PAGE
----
Jessica Cisneros is again mounting a primary challenge to U.S. Rep. Henry Cuellar (D-Laredo) following their bruising 2020 battle where she came within 4 percentage points of unseating the incumbent.
“I think a lot of folks saw themselves reflected in the campaign last cycle, and even though we did come up a little bit short, I feel like a lot of South Texans were left with hope because we asked them to envision something that was almost impossible — or what people said was impossible — last time around,” Cisneros said in an interview.
Cisneros, a Laredo attorney, took on Cuellar in the 2020 primary in a race that targeted his reputation as one of the most moderate Democrats in the House. Cisneros branded Cuellar as “Trump’s favorite Democrat” and attracted massive national attention, money and support from some of the biggest names in progressive politics like U.S. Sen. Bernie Sanders (I-Vermont) and U.S. Rep. Alexandria Ocasio-Cortez (D-New York).
Cisneros said the coronavirus pandemic has only amplified the case against Cuellar, saying he did not “step up in the way that we wanted him to to meet the moment to advocate for bold policies that would help South Texas.” In a launch video, she provided a fresh list of criticisms of Cuellar’s time in office since the last primary, including his work with Republicans on border legislation and the fact he was the only Democrat to vote against a sweeping overhaul of labor laws. She also criticized his help in securing $500,000 worth of coronavirus tests for Laredo that turned out to be unreliable.
“You would think that coming so close to losing his seat was a wake-up call, but it wasn’t,” Cisneros said in the interview.
Cuellar’s campaign confirmed that the congressman, who has served since 2005, will seek another term in 2022 — and expressed confidence that voters would once more pick the more experienced incumbent over Cisneros.
“We beat her handily last time,” spokesperson Colin Stother said, “and we’ll beat her by an even larger margin this time.”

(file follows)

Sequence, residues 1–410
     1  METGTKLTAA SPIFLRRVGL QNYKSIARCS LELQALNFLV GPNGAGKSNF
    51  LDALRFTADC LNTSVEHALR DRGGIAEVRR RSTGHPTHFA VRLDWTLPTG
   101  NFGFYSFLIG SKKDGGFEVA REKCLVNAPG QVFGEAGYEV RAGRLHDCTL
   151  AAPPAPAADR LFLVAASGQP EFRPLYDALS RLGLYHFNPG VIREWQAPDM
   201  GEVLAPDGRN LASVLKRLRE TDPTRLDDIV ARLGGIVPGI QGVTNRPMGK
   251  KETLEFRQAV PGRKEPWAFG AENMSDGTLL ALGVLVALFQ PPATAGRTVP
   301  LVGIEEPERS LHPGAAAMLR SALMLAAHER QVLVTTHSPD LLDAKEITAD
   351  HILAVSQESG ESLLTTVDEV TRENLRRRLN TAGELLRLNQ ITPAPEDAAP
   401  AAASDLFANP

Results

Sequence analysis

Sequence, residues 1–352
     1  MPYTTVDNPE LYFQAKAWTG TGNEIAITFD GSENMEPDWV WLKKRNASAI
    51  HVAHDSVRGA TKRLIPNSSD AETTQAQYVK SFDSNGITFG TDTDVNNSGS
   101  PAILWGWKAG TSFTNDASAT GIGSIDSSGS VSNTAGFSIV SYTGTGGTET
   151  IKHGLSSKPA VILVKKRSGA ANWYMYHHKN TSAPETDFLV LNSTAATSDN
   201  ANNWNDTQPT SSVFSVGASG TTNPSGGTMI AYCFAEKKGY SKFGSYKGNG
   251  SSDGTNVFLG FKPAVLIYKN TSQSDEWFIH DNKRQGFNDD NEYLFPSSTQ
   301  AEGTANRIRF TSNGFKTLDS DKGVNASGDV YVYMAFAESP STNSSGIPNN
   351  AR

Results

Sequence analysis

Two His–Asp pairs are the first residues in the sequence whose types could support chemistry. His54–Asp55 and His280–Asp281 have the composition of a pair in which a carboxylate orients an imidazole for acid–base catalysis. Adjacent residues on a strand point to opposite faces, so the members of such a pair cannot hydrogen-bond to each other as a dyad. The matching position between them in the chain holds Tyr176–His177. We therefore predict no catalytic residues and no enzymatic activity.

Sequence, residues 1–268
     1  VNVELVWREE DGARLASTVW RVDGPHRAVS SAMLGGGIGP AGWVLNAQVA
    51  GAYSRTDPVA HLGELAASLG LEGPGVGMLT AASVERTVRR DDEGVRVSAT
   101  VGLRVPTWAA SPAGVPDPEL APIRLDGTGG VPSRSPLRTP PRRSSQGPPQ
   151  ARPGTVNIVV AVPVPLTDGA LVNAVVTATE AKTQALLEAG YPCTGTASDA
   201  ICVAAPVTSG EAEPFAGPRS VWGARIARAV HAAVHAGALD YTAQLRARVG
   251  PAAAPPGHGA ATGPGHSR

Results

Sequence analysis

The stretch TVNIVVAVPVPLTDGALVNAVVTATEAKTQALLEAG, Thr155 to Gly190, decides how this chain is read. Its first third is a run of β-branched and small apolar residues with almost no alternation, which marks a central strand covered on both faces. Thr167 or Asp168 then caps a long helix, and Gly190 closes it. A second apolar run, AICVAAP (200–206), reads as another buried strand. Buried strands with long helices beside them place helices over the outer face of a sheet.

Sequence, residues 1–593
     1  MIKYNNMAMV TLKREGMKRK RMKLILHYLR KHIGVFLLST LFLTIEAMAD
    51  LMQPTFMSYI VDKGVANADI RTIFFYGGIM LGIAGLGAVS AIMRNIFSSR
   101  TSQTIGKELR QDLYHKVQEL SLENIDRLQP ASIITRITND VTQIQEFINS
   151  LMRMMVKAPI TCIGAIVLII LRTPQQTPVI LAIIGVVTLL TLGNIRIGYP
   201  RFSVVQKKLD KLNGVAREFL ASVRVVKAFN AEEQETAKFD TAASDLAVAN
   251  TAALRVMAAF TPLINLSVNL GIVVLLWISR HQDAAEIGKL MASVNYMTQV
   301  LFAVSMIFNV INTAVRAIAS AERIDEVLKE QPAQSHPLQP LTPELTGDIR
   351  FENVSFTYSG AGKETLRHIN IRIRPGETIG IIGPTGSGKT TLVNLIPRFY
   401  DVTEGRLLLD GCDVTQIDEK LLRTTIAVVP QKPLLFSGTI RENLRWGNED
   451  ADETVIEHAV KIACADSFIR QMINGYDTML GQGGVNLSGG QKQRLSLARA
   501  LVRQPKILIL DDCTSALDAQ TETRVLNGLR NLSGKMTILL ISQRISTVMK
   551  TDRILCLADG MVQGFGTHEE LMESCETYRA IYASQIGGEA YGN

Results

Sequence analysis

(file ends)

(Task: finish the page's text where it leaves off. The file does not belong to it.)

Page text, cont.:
Cisneros is launching her campaign again with the support of Justice Democrats, the national progressive group that recruited her for the 2020 race, when she was a 26-year-old first-time candidate. Back then, she said, she could “definitely say there was a bit of a learning curve that I was able to overcome, and I’m really excited to know that we’re not starting from scratch this time around.”
This time around, though, other dynamics of the race could be different, starting with redistricting, which is likely to change the boundaries of the 28th District prior to the primary. Cisneros said that if the lines change, she is “really confident in our campaign … to be able to adapt to whatever gets thrown our way.”
Also, Cisneros will not have a direct matchup with Cuellar — a newcomer, Tannya Benavides of Laredo, announced in June that she was challenging the incumbent in the primary.
The district is also now a target of national Republicans who are looking to capitalize on President Joe Biden’s underperformance in South Texas last year. Biden carried the traditionally blue 28th District by only 4 percentage points.
Cisneros said she worked to get out the vote for Biden and saw the realignment coming, but the numbers were nonetheless “shocking to see.” Still, she expressed confidence that the policies that fuel her campaign — like Medicare for All — cut across the ideological and partisan lines that may have shifted last year.
Cisneros said she would be “a much better partner than Henry Cuellar in working with the Biden administration to deliver for South Texans.” She pointed to his scrutiny of the Biden administration’s response to influx of migrants at the Mexican border, saying Cuellar “decides to play it up for political theater and try to criticize the Biden administration on these issues when you could talk to me if you actually want to address the overinflated numbers of migrants that we are seeing on the border.”
Cisneros is an immigration attorney, and since the 2020 primary, she has worked at Texas RioGrande Legal Aid and the Refugee and Immigrant Center for Education and Legal Service in Laredo, according to her campaign.
This time, Cuellar’s team is preparing to take on Cisneros more aggressively, with Strother, the campaign spokesperson, saying she “kind of got a free pass” in their last matchup.
“We’re not gonna put up with it this time,” Strother said. “She’s gonna find out what South Texas politics is really like.”
This article originally appeared in The Texas Tribune, a nonpartisan, nonprofit media organization that informs Texans — and engages with them — about public policy, politics, government, and statewide issues.